|Year : 2021 | Volume
| Issue : 1 | Page : 73-74
Commentary: Corneal involvement in rheumatoid arthritis
Manisha Acharya, Abhishek Dave
Consultant Cornea and Refractive Surgery Services, Dr. Shroff's Charity Eye Hospital, New Delhi, India
|Date of Web Publication||15-Dec-2020|
Dr. Abhishek Dave
Consultant Cornea and Refractive Surgery Services, Dr. Shroff's Charity Eye Hospital, 5027, Kedarnath Lane, Daryaganj, New Delhi - 110 002
Source of Support: None, Conflict of Interest: None
|How to cite this article:|
Acharya M, Dave A. Commentary: Corneal involvement in rheumatoid arthritis. Indian J Ophthalmol 2021;69:73-4
Rheumatoid arthritis (RA) is a chronic inflammatory autoimmune disease. RA primarily affects the synovial joints, and less frequently extra-articular tissues, such as the eye, pleura, pericardium, and nerves. Patients with high titers of rheumatoid factor are most likely to have these extra-articular manifestations. The incidence of ocular lesions in RA in a recent Indian study by Reddy et al. is 39%. The ocular manifestations of RA are due to the histologic similarity in joints and ocular tissues such as sclera and cornea as both contain proteoglycans and collagen.
The ocular manifestations most commonly present as keratoconjunctivitis sicca (KCS) which may progress to severe non-inflammatory corneal melt and perforation. The scleral lesions present as anterior nonnecrotizing and necrotizing scleritis and posterior scleritis. The RA-associated peripheral ulcerative keratitis (PUK) is often associated with necrotizing scleritis differentiating it from Mooren's ulcer. The ocular involvement usually corresponds to advanced systemic involvement due to associated subclinical systemic vasculitis. Routine Schirmer's test and Rose Bengal staining help to detect the early onset of dry eye syndrome in asymptomatic patients.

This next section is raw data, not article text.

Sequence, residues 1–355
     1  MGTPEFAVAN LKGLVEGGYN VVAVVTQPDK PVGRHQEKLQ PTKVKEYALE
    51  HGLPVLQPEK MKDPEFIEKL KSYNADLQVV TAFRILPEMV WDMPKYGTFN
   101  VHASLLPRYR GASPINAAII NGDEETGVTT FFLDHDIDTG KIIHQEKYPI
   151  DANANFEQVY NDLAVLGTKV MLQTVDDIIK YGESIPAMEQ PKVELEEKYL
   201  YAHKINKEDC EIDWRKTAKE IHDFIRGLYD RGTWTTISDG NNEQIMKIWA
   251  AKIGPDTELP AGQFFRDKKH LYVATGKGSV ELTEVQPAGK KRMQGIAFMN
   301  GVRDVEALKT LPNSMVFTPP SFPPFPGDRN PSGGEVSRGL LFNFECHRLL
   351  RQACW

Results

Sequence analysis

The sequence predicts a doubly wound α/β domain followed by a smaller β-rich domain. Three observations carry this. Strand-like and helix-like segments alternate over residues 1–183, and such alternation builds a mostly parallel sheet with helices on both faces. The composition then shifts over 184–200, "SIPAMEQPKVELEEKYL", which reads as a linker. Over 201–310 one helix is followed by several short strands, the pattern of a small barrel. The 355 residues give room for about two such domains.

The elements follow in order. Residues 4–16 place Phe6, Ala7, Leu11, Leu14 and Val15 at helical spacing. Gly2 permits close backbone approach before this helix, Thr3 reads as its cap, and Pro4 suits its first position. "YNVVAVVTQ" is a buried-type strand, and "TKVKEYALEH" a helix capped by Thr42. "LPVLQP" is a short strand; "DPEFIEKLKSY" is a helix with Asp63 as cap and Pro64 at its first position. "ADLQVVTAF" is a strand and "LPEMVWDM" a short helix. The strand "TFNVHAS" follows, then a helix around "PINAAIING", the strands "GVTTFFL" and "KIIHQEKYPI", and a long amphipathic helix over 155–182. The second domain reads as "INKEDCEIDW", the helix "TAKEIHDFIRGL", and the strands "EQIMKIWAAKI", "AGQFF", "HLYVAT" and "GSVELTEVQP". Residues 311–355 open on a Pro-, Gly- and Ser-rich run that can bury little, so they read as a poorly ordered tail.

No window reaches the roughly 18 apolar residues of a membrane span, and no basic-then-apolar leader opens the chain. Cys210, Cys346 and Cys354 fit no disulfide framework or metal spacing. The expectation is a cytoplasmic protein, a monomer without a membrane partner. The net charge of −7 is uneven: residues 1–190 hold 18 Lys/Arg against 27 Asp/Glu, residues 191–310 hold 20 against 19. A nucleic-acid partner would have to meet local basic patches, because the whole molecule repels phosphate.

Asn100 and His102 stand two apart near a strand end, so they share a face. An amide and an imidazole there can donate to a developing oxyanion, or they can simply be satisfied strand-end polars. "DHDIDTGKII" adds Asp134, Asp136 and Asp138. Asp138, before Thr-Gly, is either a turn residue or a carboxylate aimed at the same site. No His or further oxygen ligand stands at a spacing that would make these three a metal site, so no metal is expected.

Corneal melts in RA can present as either a sterile corneal melt in a non-inflamed eye due to KCS or as PUK in an actively inflamed eye. Pathogenesis of PUK in RA is immune complex deposition by the limbal vessels resulting in an inflammatory cascade releasing tumor necrosis factor-α (TNF-α) and interleukin-1 (IL-1). This subsequently activates the complement system and increases cytokine production, recruiting neutrophils and macrophages that release collagenases and other proteases that causes rapid keratolysis.,
RA-associated corneal melts have significant ocular morbidity and requires early and aggressive treatment. Moreover, it heralds systemic vasculitis in more than 50% of cases and is a vision threatening complication with a poor life prognosis as well. Multidisciplinary approach is important and treatment goes hand in hand with Rheumatologists with prioritization management of the underlying RA. In acute phase systemic corticosteroids remains the mainstay of treatment. Additionally, systemic immunosuppressive agents and disease-modifying antirheumatic drugs (DMARDs) such as oral mycophenolate mofetil, methotrexate or azathioprine significantly reduce the progression of ocular disease, improve or stabilize the visual acuity, and prevent the development of the extraocular disease. In refractory cases biologics, such as rituximab, infliximab, and adalimumab may be effective.